Prego Rolls


Preparation info

  • Difficulty


  • Serves


Appears in

Falling Cloudberries

By Tessa Kiros

Published 2004

  • About

This is probably a South African–Portuguese combination. Whatever their origins, I love prego rolls and actually crave them at times. The steaks should just be a couple of millimetres thick and the wine not be too heavy. The best bread rolls to use are the floury rosette type. You have to have everything ready, as the meat will only take a couple of minutes to cook and these really need to be eaten warm.


  • 2 soft rump steaks, about 120 g ( oz) each
  • 125 ml (½ cup) red wine
  • 2 large garlic cloves, lightly crushed with the flat of a knife
  • sprig of rosemary
  • 3 tablespoons olive oil
  • 20 g (¾ oz) butter
  • 2 floury bread rolls, halved
  • chopped chillies in oil, to serve
  • lemon wedges, to serve


Marinate the meat in the wine, whole garlic cloves and rosemary for a couple of hours. Leave it covered in a cool place. If it is in the fridge, bring it back to room temperature before cooking.

Keep the marinade and pat the meat dry with kitchen paper. Heat a large non-stick frying pan to very hot and add 1 tablespoon of the olive oil. Fry the steaks quickly on both sides until cooked and lightly golden, sprinkling a little salt on the cooked side. Take care not to overcook and dry out the meat. Transfer the meat to a plate. Remove the rosemary sprig and quickly add the marinade to the pan with the butter. Return to the heat and cook until it bubbles up and thickens slightly.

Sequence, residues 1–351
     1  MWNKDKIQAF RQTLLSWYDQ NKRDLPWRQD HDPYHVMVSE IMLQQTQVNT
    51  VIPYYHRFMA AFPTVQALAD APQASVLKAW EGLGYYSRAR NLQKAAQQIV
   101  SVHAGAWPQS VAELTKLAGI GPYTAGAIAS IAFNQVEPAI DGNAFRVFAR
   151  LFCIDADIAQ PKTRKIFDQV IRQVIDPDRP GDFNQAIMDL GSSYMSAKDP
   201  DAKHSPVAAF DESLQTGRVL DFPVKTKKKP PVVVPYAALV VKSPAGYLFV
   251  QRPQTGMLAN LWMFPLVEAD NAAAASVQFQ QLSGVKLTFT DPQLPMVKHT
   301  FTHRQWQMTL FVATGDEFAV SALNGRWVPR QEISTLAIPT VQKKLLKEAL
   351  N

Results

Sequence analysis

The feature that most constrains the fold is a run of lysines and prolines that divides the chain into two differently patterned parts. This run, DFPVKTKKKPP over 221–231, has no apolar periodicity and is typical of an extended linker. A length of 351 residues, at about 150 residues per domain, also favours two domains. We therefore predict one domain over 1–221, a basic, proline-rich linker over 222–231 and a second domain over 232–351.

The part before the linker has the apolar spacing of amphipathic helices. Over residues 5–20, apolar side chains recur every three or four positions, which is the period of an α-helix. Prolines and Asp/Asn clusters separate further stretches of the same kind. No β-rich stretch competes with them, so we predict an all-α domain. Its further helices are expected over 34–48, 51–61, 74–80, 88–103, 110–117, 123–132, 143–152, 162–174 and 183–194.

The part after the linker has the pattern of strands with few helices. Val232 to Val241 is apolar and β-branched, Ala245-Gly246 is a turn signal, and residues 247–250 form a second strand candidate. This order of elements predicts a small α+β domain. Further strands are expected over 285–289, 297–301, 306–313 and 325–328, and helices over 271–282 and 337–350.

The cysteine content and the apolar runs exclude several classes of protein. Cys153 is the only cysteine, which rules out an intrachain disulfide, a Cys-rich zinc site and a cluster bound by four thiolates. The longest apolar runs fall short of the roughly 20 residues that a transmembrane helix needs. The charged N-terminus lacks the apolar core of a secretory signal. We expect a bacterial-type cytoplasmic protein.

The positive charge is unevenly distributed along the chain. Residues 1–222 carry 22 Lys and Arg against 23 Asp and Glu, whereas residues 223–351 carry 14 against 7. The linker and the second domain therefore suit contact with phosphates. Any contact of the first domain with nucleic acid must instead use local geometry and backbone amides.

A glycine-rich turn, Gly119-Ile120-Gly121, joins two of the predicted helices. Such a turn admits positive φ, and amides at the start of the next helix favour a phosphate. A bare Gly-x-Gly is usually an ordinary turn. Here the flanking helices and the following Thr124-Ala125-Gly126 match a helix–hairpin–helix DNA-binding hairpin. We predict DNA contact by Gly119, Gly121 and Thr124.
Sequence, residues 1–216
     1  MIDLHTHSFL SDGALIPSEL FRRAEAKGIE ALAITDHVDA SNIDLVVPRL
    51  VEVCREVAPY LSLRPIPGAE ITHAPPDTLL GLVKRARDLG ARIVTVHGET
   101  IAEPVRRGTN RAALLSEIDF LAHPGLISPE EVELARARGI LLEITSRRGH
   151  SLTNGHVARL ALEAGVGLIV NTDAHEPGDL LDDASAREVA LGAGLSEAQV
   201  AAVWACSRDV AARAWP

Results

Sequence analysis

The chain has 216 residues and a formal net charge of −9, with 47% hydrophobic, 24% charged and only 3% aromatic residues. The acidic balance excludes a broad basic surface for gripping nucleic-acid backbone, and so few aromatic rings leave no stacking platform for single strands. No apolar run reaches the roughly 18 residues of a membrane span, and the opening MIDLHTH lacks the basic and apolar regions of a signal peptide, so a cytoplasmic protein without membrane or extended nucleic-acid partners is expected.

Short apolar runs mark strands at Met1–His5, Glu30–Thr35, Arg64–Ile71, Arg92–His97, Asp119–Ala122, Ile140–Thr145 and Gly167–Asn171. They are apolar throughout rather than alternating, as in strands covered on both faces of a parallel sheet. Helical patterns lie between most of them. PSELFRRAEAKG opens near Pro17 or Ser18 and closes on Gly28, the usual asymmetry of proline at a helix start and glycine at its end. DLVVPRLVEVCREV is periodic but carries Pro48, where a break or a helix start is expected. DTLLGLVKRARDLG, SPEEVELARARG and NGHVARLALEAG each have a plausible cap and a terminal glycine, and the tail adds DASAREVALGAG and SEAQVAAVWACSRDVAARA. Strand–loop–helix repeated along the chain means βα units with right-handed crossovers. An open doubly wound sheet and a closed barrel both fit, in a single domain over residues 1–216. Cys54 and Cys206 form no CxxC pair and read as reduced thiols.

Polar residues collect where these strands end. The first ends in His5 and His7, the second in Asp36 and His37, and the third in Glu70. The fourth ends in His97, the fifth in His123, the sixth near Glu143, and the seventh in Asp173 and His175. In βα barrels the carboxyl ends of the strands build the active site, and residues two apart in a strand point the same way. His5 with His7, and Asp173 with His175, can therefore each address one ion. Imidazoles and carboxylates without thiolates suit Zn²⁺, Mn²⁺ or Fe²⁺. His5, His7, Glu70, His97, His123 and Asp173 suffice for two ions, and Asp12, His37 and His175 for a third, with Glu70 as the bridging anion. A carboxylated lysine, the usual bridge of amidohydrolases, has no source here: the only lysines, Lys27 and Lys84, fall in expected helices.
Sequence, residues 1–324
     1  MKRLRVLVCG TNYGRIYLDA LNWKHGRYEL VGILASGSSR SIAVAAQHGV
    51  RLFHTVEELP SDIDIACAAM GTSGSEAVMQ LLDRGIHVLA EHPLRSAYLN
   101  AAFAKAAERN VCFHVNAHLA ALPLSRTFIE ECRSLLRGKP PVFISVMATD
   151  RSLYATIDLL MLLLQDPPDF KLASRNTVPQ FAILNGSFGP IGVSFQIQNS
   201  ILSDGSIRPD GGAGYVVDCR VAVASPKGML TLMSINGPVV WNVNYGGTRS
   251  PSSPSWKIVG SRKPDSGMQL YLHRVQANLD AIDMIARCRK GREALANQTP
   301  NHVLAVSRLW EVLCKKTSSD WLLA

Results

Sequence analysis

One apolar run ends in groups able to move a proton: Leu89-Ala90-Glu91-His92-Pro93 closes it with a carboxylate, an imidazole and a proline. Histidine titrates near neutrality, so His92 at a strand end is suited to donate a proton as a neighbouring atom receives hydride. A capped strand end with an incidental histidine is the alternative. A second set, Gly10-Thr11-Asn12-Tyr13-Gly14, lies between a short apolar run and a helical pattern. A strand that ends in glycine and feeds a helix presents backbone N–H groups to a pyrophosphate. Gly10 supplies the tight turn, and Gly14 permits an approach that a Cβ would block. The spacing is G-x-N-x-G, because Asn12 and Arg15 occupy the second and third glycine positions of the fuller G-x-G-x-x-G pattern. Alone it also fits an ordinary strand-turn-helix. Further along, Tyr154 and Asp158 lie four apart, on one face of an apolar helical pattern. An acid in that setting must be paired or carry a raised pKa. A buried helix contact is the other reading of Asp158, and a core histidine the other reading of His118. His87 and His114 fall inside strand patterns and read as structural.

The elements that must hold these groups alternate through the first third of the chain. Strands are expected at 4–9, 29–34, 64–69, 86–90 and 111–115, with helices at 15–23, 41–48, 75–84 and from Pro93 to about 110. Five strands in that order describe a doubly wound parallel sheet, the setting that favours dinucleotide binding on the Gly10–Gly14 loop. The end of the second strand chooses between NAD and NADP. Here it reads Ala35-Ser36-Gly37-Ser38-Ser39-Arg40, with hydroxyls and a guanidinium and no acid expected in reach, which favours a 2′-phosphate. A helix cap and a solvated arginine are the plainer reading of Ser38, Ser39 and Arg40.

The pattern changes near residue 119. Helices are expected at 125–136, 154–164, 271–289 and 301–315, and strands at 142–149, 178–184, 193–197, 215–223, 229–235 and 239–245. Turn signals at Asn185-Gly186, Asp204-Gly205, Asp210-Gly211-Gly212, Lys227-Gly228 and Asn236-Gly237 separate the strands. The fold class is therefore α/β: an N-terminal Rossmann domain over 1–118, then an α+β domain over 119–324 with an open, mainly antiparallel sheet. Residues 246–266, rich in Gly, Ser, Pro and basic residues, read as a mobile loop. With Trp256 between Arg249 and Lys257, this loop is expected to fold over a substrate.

Spoon some juice over the bottom half of each roll, top with a steak, drizzle over a little more juice and then dip the cut side of the roll top in the pan juice. Drizzle any remaining juice and about a tablespoon of olive oil over each steak. People can dress their rolls themselves with a bit of chopped chilli in oil, salt and lemon juice.